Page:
Supporting each other
What are we supposed to do now?
As we enter our fourth school year marked by COVID, with Jewish educators across all fields facing major fatigue, what can we do to support them?
It’s August of 2022. Camp educators are wrapping up a summer filled with COVID-19 tracing and staffing shortages. Hillel educators are trying to prepare for another year with college students who have missed the crucial opportunities to grow and stretch their wings that high school generally provides. Religious school educators are trying to find the appropriate balance between the content they want students to learn and the social and emotional support that students desperately need. Day school and early childhood educators are trying to help children who have missed crucial building blocks develop their social and motor skills. Organizational educators are trying to figure out the best way to support all of these other kinds of educators, through learning opportunities and professional development and perhaps most importantly, just being a space to listen and commiserate.
And, we are entering the fourth school year in a row that will be marked by an unrelenting amount of COVID-related testing, research, discussions and of course, COVID itself. Much has been written about how depleted teachers and educators are, from the mental bandwidth it takes to keep assessing new situations and adjusting programming to running programs with 60-75% of the staff we actually need. But each time I read one of these articles I find myself shrugging my shoulders and thinking, “OK, well what are we supposed to do about it?”
In part, what we are supposed to do, is to simply continue doing what we have always done.
We will continue to support our participants emotionally, mentally and spiritually. We will continue to pivot (which we did even before it was trendy and then overused and now finally, triggering), constantly modifying to align with the needs of those in our programs. We will continue to go above and beyond to transmit our love of Judaism to the next generation. Our roles have always demanded resiliency, creativity, compassion and an indefatigable level of energy and so too do they demand these things now.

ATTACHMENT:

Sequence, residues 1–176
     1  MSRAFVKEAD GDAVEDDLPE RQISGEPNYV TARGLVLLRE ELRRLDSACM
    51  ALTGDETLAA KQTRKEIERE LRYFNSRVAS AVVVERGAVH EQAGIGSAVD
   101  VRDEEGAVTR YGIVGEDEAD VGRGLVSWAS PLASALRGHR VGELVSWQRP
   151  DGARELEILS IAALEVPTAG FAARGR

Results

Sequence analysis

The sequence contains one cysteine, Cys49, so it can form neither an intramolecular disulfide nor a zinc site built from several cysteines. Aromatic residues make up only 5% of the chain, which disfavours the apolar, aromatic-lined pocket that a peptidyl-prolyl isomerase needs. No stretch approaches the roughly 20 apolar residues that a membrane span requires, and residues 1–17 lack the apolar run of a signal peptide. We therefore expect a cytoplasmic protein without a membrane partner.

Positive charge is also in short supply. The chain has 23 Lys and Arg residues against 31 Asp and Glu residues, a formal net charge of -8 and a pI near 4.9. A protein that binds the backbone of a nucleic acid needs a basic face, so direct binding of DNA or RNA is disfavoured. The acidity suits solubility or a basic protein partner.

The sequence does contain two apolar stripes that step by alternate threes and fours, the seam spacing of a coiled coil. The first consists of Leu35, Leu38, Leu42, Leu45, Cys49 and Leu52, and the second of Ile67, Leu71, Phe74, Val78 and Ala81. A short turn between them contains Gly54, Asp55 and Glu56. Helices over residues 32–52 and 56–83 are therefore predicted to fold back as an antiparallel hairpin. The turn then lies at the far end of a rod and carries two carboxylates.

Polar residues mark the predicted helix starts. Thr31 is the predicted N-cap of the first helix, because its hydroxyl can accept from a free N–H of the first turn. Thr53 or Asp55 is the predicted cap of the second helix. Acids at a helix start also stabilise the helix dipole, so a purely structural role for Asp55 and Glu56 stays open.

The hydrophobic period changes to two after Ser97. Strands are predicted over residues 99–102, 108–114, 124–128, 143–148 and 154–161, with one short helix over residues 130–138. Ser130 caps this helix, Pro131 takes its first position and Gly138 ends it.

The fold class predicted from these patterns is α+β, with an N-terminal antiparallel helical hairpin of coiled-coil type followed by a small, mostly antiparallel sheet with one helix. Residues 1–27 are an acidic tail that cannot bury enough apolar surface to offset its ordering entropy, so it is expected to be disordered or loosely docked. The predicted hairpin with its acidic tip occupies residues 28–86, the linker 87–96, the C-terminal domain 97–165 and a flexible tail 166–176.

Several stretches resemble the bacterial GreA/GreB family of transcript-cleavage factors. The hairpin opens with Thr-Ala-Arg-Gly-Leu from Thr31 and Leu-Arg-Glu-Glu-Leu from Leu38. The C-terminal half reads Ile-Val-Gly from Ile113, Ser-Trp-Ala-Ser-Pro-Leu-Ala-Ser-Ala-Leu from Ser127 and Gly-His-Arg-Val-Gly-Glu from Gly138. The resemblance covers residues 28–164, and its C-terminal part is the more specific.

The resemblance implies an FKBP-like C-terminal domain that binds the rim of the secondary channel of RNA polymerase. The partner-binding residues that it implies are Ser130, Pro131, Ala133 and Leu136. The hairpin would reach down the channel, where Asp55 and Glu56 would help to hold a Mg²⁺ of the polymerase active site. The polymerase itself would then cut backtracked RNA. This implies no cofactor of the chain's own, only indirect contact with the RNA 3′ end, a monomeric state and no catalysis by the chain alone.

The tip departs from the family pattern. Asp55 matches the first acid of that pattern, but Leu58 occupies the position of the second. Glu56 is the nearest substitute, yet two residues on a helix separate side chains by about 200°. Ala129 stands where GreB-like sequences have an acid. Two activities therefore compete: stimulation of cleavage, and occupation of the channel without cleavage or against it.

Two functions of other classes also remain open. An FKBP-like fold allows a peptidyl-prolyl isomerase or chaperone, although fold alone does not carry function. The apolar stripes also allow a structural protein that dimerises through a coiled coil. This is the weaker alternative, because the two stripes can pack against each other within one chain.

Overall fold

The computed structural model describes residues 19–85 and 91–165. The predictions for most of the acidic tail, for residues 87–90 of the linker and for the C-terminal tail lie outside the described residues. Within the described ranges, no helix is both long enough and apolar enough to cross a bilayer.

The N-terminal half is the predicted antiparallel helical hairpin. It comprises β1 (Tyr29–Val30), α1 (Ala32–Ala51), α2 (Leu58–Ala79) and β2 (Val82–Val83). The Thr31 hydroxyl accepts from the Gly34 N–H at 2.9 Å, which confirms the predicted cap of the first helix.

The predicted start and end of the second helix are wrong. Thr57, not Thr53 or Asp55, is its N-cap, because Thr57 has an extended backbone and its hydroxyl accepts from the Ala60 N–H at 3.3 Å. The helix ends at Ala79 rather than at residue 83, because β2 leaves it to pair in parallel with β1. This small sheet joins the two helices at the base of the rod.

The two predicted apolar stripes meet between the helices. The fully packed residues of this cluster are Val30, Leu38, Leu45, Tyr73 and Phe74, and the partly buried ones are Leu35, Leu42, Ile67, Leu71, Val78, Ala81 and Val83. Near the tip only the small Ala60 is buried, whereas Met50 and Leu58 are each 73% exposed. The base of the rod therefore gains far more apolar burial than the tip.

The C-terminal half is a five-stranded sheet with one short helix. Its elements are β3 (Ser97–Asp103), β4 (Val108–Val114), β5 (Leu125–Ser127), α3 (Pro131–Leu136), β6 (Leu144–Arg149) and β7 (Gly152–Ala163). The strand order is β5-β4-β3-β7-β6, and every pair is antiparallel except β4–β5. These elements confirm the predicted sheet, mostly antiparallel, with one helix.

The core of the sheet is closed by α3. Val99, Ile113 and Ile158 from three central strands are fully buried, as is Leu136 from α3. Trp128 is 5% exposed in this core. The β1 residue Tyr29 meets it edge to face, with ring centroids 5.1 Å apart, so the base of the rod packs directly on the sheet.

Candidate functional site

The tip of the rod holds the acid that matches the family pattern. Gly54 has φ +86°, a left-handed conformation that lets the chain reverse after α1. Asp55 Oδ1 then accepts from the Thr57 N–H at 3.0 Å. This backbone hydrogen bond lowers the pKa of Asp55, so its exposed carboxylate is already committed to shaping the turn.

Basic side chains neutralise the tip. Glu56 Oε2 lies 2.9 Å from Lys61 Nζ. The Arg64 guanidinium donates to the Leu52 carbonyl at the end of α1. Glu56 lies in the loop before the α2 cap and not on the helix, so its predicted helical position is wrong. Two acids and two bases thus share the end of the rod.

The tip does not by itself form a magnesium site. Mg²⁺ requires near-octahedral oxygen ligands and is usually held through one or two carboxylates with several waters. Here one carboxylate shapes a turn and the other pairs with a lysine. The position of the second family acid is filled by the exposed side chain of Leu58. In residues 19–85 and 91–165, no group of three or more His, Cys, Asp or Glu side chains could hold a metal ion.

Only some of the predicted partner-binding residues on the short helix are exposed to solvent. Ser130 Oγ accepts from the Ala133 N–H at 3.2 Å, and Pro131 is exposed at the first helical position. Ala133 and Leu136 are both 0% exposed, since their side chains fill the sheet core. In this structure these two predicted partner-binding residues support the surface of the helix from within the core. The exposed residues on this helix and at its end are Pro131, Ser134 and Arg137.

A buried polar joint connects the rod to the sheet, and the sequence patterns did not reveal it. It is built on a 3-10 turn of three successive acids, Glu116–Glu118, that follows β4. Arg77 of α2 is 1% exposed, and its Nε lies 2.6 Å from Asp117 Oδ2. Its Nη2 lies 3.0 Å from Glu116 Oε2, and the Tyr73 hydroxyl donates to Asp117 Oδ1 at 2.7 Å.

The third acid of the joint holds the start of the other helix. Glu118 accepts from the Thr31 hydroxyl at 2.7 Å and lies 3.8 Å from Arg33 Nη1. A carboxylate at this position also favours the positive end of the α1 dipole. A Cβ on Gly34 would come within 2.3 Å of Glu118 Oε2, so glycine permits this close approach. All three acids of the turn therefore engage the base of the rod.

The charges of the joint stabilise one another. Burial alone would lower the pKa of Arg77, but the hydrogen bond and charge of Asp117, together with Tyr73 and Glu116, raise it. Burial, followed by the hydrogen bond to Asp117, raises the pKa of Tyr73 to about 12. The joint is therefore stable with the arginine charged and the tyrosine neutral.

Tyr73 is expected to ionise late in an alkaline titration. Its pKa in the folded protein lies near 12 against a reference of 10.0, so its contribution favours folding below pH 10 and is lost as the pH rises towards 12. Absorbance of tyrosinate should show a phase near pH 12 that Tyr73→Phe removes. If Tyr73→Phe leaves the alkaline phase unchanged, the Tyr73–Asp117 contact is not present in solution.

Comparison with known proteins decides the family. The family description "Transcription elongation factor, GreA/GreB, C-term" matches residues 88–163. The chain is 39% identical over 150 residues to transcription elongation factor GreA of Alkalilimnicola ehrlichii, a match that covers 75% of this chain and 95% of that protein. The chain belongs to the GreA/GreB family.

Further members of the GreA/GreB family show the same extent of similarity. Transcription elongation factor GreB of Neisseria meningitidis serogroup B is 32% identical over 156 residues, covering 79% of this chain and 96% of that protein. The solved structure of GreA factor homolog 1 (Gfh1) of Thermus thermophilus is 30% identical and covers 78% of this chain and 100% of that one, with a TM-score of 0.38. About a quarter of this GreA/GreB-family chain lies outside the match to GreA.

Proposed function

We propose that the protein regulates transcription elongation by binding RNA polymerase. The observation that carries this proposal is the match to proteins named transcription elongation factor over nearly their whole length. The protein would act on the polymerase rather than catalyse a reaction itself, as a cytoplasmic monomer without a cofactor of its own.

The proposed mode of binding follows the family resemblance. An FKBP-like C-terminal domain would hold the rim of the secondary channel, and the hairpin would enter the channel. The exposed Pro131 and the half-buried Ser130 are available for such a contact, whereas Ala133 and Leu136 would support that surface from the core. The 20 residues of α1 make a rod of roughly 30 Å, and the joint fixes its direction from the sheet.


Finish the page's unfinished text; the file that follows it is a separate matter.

But to be clear, just because we are well equipped doesn’t mean that things aren’t hard, because they are still extraordinarily hard. And so the other thing we can do about it, is to remind others what we are still experiencing so they can better support us.
For our non-educator colleagues, please know that we are still making dozens of COVID-related decisions each week based on ever-changing guidance and requirements, we the ones “held responsible” for in-program transmission and we are the ones who are getting calls at 9 o’clock in the evening about an exposure. You can support us by giving us the space to continue to be emotionally and physically depleted from both decision fatigue and the boundaryless work that others have been able to pull back from.
For our friends and families, please know that after talking through scenarios, consoling families, filling in because another teacher was out (or we couldn’t find one to begin with), we may not have the same ability or desire to be social outside of work (with the acknowledgement that having young children makes this much more difficult). You can support us by giving us the space to say no to things, without feeling disappointed.
And for ourselves, please remember that despite the fact that we were told that what would be a marathon has now been roughly 27 marathons, we will find a place where COVID does not consume the vast majority of our professional lives. When? Who knows! But it will happen and we are going to need every one of us to still be doing this valuable and meaningful work when that time comes. We can support each other by being a space to vent, telling humorous (or humorous with some distance) stories and sharing resources generously.
While we certainly never would have asked for the situation we find ourselves in, like Esther perhaps we have attained our position for just such a crisis, honing our tried and true skills to best serve us in this current time. And yet, even Esther needed a Mordechai in her corner, supporting her when things were tough and reminding her of her worth and strengths.
Rabbi Carrie Vogel is a rabbi and Jewish educator, with over a decade of experience at Kehillat Israel in Los Angeles, serving families in preschool through 12th grade. She has written on a number of topics pertaining to Judaism and family life, including adoption, infertility, intentional curriculum design and nontraditional families. She also serves as the chair of the Ethics Task Force for the Association of Reform Jewish Educators.